You had cut your hand in college,
At the sinews of your knuckle.
We had gone to see you before then, for the play
That you were in.
That’s how you cut your hand, I think
Carving props for your play.
I can’t remember if we took you to the hospital
Or if we met you there
But we were so worried while waiting.
In the white halls that I vaguely recall,
I prayed to Ong, Jesus, and God,
Anyone who’d listen,
To help you through this, to help you heal.
What if you could never use your hands,
and help put others back together again?
It was mostly my child self being dramatic, I suppose,
But it was real to me at the time then.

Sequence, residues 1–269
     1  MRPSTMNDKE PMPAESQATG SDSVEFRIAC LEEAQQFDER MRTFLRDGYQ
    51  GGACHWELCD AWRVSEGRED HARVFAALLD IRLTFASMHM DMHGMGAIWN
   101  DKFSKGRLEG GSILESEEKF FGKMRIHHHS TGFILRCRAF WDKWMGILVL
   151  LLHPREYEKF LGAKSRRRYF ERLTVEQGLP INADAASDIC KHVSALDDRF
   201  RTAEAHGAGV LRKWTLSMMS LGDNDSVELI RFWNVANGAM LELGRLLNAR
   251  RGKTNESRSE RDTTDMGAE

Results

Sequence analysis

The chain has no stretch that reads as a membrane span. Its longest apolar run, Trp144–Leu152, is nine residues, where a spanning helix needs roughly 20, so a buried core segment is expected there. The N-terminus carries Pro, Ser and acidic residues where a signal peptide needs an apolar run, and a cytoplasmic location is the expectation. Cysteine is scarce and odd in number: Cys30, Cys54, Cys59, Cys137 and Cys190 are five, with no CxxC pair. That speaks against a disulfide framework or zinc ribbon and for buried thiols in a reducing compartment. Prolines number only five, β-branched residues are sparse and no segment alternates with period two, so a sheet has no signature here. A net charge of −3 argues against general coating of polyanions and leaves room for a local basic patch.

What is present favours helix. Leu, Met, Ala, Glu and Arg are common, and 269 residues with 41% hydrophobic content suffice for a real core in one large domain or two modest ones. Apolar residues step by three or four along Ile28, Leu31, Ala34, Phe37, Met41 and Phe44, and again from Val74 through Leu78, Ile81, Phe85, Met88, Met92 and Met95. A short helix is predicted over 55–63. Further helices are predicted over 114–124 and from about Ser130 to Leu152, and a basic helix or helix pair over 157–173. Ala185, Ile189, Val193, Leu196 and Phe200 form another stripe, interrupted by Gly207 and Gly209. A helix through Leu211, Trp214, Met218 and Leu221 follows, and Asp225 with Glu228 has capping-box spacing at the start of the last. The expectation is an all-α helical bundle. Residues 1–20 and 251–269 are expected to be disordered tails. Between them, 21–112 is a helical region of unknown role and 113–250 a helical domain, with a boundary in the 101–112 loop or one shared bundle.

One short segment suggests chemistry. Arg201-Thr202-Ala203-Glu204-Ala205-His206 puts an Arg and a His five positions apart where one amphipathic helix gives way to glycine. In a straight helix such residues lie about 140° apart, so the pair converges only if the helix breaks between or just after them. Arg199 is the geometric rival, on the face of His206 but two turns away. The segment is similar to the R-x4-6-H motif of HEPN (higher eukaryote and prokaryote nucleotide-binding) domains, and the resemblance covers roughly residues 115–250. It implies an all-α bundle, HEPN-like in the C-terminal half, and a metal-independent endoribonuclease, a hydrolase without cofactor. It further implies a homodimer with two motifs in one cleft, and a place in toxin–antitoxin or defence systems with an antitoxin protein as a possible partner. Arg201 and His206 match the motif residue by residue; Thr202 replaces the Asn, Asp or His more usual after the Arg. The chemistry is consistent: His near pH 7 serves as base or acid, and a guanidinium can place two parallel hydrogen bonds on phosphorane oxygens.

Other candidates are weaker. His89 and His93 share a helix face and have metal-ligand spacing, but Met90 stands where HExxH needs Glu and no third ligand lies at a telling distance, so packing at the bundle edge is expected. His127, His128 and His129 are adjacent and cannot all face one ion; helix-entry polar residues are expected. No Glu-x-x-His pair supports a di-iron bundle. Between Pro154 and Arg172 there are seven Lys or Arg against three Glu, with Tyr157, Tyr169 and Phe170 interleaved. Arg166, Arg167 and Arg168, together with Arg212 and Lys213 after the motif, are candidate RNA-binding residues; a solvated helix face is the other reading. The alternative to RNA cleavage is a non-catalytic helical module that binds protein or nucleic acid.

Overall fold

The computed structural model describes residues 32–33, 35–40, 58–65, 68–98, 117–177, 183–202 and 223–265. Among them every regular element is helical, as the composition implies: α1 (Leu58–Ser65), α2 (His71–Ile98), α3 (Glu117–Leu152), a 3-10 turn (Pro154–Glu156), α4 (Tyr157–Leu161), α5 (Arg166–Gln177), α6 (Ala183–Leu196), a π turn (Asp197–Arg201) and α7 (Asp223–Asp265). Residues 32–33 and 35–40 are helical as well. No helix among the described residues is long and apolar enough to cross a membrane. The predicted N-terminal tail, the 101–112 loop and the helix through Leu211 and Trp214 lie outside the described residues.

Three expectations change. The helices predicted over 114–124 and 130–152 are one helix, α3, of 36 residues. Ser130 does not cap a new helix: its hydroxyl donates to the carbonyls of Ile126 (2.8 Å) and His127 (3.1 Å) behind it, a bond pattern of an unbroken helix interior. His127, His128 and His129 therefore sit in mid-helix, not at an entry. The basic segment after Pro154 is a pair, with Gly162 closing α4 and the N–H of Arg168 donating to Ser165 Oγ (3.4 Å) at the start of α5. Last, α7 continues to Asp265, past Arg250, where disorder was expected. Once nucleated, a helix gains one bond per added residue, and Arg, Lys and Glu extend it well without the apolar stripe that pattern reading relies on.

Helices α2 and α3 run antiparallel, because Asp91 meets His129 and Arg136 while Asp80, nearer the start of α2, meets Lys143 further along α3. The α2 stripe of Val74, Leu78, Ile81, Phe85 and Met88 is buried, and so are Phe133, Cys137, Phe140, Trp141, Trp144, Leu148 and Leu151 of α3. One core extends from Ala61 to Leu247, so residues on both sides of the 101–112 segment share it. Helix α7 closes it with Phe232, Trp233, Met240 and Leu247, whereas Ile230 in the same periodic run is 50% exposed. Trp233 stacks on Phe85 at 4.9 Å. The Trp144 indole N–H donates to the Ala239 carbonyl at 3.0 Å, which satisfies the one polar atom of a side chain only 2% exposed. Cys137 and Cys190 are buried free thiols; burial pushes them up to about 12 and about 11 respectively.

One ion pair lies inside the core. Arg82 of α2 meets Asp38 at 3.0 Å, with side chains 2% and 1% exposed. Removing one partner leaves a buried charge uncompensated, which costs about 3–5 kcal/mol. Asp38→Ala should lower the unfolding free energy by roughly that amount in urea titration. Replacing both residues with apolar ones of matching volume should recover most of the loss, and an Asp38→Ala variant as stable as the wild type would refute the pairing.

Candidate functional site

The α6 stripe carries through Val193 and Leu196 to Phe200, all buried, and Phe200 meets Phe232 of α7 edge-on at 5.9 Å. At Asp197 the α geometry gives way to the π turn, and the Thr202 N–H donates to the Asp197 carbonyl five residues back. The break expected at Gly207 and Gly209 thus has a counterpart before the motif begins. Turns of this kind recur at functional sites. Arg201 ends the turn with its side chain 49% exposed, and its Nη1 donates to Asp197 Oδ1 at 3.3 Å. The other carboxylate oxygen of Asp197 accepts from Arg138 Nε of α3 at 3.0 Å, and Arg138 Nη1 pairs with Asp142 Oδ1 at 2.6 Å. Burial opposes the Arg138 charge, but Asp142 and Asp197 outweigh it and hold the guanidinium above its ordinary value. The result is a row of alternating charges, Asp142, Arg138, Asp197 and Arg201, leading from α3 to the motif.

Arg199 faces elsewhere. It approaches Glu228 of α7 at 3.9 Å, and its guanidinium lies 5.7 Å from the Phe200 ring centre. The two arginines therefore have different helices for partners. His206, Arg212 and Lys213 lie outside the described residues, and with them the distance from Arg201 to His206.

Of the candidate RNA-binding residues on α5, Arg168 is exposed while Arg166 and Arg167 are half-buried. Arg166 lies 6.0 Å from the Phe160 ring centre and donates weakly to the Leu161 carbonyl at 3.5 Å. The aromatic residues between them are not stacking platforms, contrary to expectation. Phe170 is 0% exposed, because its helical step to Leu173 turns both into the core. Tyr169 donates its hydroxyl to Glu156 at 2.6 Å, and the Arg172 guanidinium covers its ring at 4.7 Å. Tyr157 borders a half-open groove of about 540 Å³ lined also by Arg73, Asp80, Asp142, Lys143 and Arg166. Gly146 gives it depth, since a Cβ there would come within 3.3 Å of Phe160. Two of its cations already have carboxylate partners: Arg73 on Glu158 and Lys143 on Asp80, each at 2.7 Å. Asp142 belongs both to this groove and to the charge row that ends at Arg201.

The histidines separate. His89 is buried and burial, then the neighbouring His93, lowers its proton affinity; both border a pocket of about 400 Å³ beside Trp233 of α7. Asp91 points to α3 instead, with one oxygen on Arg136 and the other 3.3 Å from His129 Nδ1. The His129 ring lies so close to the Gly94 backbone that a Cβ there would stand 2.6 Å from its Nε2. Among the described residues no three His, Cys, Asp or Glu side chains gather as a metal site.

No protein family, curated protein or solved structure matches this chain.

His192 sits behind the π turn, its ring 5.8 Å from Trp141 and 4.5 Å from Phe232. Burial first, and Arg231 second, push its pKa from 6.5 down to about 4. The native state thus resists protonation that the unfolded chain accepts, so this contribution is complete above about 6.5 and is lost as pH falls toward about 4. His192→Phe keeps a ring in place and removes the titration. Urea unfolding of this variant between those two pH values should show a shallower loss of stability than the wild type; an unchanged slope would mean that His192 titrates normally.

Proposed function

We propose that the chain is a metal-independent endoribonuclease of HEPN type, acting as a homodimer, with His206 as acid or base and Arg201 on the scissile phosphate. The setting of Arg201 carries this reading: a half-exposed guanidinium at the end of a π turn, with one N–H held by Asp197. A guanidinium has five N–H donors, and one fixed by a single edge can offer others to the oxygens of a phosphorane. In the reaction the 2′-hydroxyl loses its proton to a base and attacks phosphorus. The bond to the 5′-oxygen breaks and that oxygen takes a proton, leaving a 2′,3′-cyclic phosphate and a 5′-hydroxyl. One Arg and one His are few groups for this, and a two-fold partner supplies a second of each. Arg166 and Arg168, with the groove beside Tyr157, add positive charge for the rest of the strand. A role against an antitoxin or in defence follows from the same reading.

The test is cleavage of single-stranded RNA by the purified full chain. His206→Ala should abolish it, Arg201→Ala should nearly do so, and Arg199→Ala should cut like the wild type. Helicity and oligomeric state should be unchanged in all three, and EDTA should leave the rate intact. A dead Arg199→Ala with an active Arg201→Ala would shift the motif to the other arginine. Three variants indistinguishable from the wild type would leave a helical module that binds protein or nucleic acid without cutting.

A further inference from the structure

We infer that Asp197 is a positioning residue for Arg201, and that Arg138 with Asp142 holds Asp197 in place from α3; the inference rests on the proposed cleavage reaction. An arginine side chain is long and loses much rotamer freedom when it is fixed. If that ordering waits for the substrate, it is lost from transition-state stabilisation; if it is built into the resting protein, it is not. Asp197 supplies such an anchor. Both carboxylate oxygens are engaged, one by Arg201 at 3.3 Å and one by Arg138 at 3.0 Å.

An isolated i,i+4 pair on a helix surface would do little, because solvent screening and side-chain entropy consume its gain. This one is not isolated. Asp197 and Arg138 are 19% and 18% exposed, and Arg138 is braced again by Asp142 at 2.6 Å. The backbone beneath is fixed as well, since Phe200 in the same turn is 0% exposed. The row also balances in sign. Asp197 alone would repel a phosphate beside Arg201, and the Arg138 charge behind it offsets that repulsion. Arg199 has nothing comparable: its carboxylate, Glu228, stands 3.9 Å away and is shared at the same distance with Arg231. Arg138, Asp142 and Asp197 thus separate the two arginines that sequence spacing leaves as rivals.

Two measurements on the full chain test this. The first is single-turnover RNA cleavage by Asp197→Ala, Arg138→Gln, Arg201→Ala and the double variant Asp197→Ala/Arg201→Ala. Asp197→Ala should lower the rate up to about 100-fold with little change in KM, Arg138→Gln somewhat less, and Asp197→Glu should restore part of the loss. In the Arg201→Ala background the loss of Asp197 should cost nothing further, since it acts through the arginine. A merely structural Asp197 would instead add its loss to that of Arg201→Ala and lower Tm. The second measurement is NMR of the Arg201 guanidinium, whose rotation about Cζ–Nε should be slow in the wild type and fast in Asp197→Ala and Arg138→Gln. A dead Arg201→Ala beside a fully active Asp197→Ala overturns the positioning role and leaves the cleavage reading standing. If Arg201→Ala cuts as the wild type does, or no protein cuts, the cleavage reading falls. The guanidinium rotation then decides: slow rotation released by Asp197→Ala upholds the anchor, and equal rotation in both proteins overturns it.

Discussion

You came out, your hand bandaged, if I can remember correctly,
With the grim face of a discharged soldier
who wants to keep fighting.
On the way home, I can’t recollect what I did to hurt you more,
Maybe I played on your wounds, figuratively or literally, I can’t say,
But you asked, softly, seriously,
“Why do you hate me?”
Your words cut me at the sinews.
I was too frozen to say then
What had always been there,
Like bone, muscle,
That I loved you.